Economic Evaluation of a Home-Based Age-Related Macular Degeneration Monitoring System Interview with:
John Wittenborn

Senior research scientist
NORC’s Public Health Analytics
University of Chicago What is the background for this study? What are the main findings?

Response:The emergence of anti-VEGF treatment for wet-form AMD (choroidal neovascularization) has had a dramatic impact on preserving vision for many Americans. However, community-based studies show that most patients are not diagnosed with wet-form AMD until they have already lost a significant, and largely unrecoverable amount of their vision.  Early detection of wet-form AMD is key to effective treatment and the preservation of vision. The ForeseeHome telemonitoring technology provides patients with a means to check their own eyes on a daily basis to detect the earliest signs of vision loss from wet-form AMD.

This is a novel technology that has the potential to improve visual health outcomes for AMD patients.  A prior clinical trial (the AREDS-2 HOME study) demonstrated that this technology can detect wet-form AMD earlier, and with less vision loss than standard care alone. However, that is exactly where that study ended as it reported no cost information nor follow-up. Since the end of this study, the device has been cleared by the FDA and approved for reimbursement by Medicare for certain higher risk patients, but no study has yet considered the long-term implications of adoption of this technology.

In our analysis, we use a computer simulation model to essentially estimate what will come next, after patients realize earlier detection of wet-form AMD by utilizing home monitoring. Basically, we follow simulated patients from the time they begin monitoring for the rest of their lives, recording the likely impacts of home monitoring on patients’ long term outcomes including visual status, costs and quality of life.

We find that home telemonitoring among the population indicated for reimbursement by Medicare would cost $35,663 per quality adjusted life year (QALY) gained.  Medicare would expect to incur $1,312 in net budgetary costs over 10 years for each patient who initiates monitoring.  However, Medicare patients may expect to achieve lifetime net savings when accounting for the chance of avoided vision loss and its associated costs later in life. What should readers take away from your report?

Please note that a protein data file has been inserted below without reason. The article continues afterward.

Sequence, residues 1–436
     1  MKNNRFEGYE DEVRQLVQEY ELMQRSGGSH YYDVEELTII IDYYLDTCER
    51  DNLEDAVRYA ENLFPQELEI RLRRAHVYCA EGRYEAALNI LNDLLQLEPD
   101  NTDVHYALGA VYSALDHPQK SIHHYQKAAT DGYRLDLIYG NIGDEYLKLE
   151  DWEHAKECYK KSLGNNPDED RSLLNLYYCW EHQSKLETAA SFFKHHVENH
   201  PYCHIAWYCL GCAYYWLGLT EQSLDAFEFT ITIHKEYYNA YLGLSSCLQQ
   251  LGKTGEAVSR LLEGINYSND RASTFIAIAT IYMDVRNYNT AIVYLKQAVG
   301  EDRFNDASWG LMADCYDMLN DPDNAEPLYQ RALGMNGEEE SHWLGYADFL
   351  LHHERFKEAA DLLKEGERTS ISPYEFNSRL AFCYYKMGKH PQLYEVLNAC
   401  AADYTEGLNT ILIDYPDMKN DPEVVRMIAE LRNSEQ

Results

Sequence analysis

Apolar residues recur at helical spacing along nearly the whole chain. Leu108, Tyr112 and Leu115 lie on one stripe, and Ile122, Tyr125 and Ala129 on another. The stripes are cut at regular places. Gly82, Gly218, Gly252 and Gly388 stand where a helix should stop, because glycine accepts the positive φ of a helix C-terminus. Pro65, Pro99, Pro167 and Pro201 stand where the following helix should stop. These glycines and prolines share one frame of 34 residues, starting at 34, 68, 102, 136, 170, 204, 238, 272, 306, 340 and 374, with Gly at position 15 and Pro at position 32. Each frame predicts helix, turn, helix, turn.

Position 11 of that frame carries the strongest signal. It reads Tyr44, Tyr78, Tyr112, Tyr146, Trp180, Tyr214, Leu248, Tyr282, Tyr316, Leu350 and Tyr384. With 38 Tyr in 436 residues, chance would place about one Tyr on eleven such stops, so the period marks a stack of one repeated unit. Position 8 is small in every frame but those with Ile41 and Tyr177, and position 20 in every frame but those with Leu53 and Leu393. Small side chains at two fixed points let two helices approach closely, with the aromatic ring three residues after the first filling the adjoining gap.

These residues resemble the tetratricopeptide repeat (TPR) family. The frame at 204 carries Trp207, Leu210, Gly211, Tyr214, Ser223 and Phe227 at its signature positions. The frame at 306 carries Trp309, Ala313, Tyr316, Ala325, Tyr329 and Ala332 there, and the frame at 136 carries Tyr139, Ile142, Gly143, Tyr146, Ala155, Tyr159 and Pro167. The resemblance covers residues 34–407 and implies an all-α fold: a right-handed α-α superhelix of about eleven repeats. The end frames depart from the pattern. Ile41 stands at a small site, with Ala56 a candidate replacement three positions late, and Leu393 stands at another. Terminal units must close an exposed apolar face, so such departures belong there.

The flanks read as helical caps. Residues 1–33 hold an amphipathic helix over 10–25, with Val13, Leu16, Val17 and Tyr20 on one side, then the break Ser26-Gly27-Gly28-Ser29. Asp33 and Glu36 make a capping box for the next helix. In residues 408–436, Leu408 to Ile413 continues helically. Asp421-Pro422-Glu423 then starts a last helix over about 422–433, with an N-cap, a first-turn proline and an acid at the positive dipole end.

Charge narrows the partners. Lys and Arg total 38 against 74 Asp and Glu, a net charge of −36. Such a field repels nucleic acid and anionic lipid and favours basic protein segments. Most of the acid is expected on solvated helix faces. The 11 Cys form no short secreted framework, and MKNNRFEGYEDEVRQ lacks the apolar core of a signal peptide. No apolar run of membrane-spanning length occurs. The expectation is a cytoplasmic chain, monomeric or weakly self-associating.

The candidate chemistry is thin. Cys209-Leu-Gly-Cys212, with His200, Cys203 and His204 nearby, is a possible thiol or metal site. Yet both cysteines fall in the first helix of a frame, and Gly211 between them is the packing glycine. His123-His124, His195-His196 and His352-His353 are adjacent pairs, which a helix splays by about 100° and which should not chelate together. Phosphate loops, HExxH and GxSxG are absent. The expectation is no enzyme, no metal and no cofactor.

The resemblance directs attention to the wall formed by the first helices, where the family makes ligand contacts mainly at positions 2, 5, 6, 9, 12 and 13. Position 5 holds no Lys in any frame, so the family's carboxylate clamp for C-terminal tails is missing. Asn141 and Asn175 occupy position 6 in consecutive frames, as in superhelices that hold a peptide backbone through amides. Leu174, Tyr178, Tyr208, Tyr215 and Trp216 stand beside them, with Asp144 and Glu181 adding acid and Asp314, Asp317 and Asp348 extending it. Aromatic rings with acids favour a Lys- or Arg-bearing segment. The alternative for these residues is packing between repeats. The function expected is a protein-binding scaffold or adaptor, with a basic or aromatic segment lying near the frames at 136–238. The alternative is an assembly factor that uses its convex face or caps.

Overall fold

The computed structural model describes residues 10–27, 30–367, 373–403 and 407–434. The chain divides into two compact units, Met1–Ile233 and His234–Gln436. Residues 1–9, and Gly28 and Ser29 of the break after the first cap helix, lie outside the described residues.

Response: Previously, telehealth was often considered only as a means to reach rural or underserved populations. However, emerging telehealth technology promises to enhance standard of care for all patients, while also being cost-effective. ForeseeHome may turn out to be but an early example of a class of technology that can dramatically increase monitoring and compliance rates with minimal burden to patients and payers. What recommendations do you have for future research as a result of this study?

Response: In many ways we, and the clinical trial on which our results are largely based erred on the conservative. The clinical trial included unrealistically high rates of examinations in the control group, and then ended early as soon as effectiveness thresholds were met. For our part, we do not consider likely impacts such as fewer scheduled exams or lower treatment intensity following early detection. Either of these eventualities could make this technology substantially cost-saving for even lower risk patients.

In many cases, studies find results that cannot be matched in the real world where barriers to care and lower compliance mitigate benefits. However, I suspect that longer-term outcomes for telemonitoring  Age-Related Macular Degeneration patients in the real world may actually turn out better that our results would indicate. As such, a study on community implementation of home telemonitoring could provide a clearer picture of which patients would best benefit from this technology. Thank you for your contribution to the community.


Wittenborn JS, Clemons T, Regillo C, Rayess N, Liffmann Kruger D, Rein D. Economic Evaluation of a Home-Based Age-Related Macular Degeneration Monitoring System. JAMA Ophthalmol. Published online March 30, 2017. doi:10.1001/jamaophthalmol.2017.0255

Note: Content is Not intended as medical advice. Please consult your health care provider regarding your specific medical condition and questions.

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